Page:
Prophecies of an egalitarian utopia based on false assumptions

As the British parliament rose for its summer recess this year, Opposition Leader Ed Miliband handed the members of his shadow cabinet some holiday homework. He told them to read a book that has been capturing the attention of the Left, not only in Britain but across the Western world.

Written by a couple of socialist academics, Richard Wilkinson and Kate Pickett, the book is called The Spirit Level. The clue to why so many on the Left have been drawn to it is in the subtitle: Why Equality is Better for Everyone.

This book seeks to reinstate radical income redistribution at the heart of the Left's political agenda. Socialists always have believed in greater equality, of course, but until now their case has rested on an ethical principle that it is morally wrong for some people to have a lot more money than others.

As with all ethical principles, this can be challenged. Why should people who work hard have the fruits of their labour taken away to be given to lazier folk, for example? The Right points out that hard work and risk deserve reward, and equalising shares can be quite immoral.

The Spirit Level aims to break away from these ethical conundrums and to replace them with the authority of science. It says governments should redistribute incomes, not because it is moral but because equality produces happier people and better-functioning societies. It claims everybody stands to benefit from income redistribution, rich and poor alike.

If this claim were true, it would pull the rug from under the feet of the Right. If a radical redistribution of income and wealth really did benefit everybody, how could the Right continue to hold out against it? The case for high taxes, big government and massive income transfers would be unanswerable. But it's not true. This book has many flaws (even though Miliband, and others on the Left appear blind to them).

The book's evidence consists of a series of graphs apparently showing that people in more equal countries live longer, are less likely to get murdered, enjoy higher literacy rates, suffer less mental illness and trust each other more. These findings are repeated for the 50 US states, where the authors find that states with the widest income spread have worse outcomes. But little of this evidence stands up to critical scrutiny.

Their sample of countries is biased. It excludes nations such as South Korea, where strong social outcomes coexist with high income inequality, as well as those such as the Czech Republic, with poor social outcomes despite a compressed income distribution.

Their choice of measures is also biased. Community strength is measured by whether people say they trust their neighbours, but membership of voluntary organisations is ignored. Drug dependency is included as an indicator of social pathology but not alcohol abuse. Murders likewise are in, but suicides are out. Prison numbers are analysed, but not crime figures. Government aid to foreign countries is included as a measure of generosity and compassion, but not private donations to charities. High teenage births are analysed as an indicator of family dysfunction, but not high divorce rates.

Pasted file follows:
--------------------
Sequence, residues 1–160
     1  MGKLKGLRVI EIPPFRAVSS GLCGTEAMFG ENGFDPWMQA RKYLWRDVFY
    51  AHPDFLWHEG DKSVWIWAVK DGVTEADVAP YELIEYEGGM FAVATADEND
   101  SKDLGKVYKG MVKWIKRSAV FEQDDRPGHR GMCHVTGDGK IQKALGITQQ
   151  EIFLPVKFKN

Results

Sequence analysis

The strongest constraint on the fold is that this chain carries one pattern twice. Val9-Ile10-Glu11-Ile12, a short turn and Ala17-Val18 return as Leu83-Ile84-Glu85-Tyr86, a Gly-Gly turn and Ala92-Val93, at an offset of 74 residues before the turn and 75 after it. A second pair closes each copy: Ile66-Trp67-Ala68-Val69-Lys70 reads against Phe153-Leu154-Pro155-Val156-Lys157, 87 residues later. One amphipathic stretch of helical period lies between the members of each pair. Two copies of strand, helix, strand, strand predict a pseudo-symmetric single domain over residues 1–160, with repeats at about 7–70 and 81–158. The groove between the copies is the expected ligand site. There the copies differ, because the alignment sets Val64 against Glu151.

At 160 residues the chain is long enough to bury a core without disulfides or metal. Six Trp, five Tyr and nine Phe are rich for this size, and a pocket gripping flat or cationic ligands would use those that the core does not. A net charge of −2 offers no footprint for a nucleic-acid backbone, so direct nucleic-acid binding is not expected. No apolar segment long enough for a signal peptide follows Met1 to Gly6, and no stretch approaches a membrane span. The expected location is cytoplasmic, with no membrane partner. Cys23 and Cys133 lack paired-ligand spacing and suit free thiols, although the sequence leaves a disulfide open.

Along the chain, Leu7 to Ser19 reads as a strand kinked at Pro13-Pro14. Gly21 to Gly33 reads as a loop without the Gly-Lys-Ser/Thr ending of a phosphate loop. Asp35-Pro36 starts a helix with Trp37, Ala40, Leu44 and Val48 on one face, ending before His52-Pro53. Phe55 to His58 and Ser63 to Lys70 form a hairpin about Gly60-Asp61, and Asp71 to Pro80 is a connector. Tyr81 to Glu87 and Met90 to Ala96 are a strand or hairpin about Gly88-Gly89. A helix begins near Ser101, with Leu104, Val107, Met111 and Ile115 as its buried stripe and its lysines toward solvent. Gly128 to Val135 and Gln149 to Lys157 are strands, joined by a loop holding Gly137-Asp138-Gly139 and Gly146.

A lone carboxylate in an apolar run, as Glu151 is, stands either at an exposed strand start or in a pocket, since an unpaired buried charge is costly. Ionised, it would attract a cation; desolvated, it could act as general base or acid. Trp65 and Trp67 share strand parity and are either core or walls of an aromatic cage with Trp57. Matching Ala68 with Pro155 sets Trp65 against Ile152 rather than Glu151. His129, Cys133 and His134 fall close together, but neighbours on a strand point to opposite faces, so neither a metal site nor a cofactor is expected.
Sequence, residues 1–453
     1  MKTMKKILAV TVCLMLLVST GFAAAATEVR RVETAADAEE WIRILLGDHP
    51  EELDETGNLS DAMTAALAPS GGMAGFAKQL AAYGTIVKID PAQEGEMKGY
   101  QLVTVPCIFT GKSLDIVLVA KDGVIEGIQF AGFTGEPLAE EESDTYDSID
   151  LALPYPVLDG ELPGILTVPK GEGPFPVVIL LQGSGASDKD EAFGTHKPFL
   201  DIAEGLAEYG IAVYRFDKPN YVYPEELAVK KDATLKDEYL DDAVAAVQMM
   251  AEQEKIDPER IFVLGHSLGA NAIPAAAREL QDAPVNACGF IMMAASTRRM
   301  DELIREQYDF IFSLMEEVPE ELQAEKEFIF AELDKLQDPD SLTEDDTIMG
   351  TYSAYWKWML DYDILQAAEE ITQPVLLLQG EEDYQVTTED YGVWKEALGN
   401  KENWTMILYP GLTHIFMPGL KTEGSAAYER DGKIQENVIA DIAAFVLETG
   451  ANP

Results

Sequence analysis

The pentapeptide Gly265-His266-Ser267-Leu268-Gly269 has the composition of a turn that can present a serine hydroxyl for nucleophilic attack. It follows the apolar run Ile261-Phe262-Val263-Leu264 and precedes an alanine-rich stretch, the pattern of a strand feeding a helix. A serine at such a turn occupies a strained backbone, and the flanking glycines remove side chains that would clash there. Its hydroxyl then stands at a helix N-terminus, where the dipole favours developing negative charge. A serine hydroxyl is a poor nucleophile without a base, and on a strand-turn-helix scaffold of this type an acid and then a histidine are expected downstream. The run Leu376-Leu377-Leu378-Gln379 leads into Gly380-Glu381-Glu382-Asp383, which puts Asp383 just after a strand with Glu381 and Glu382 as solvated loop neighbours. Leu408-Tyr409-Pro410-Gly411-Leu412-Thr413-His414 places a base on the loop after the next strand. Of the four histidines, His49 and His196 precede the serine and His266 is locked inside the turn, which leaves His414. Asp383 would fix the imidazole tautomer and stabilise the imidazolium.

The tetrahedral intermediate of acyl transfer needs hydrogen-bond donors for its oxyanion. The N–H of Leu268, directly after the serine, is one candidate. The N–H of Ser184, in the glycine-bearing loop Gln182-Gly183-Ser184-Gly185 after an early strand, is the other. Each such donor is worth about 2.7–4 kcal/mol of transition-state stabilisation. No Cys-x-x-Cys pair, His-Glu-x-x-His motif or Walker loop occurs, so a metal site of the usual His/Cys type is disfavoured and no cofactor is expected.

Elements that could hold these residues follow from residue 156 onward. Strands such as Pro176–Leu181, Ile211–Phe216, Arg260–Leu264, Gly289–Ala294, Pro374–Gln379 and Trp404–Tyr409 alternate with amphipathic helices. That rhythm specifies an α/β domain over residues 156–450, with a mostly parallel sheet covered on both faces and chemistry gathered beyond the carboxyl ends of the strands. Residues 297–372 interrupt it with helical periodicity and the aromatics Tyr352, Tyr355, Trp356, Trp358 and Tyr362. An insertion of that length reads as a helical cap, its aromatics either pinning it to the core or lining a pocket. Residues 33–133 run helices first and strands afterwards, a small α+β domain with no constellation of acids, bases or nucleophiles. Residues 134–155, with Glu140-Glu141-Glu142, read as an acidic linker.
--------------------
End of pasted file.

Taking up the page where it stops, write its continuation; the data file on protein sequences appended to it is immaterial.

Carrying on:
What is striking about this list of inclusions and exclusions is that, in every case, the measures that Wilkinson and Pickett selected fit their argument while the alternative measures would have undermined it. In short, they cherry-picked.

Their data analysis, too, is suspect, for they allow extreme cases to create the appearance of an association where there is none. For example, they claim that inequality produces a higher homicide rate, but this depends entirely on the US, where the murder rate is three times higher than anywhere else. Look beyond the US and you often find the most equal countries, such as Sweden and Finland, have a worse murder rate than less equal ones, including Britain and Australia. Yet appealing to their misleading graph, the authors claim Britain's murder rate would be three times lower if it had Scandinavian levels of income inequality.

The Scandinavians, it is true, do fare better than the "Anglo" countries on many of their measures, but this is not because inequality is lower in Scandinavia. It rather reflects the homogeneity of the Nordic countries as against the diversity of the Anglo nations, for the greater the social mix, the weaker the social bonds tend to be. We see this clearly in the variations between US states. Wilkinson and Pickett find the more equal states (usually those in the northeast) do better than the less equal ones (concentrated in the south).

But had they taken account of the ethnic mix of these states, they would have found ethnicity is a much stronger predictor of social outcomes than income distribution. Ethnicity is 18 times more powerful in predicting a state's infant mortality rate, for example.

The issue of equality is important, and it generates strong and impassioned arguments on both sides. But The Spirit Level is little more than polemic. It is to be hoped that we do not allow its spurious claims to scientific status to muddy the waters of our political and moral debate.


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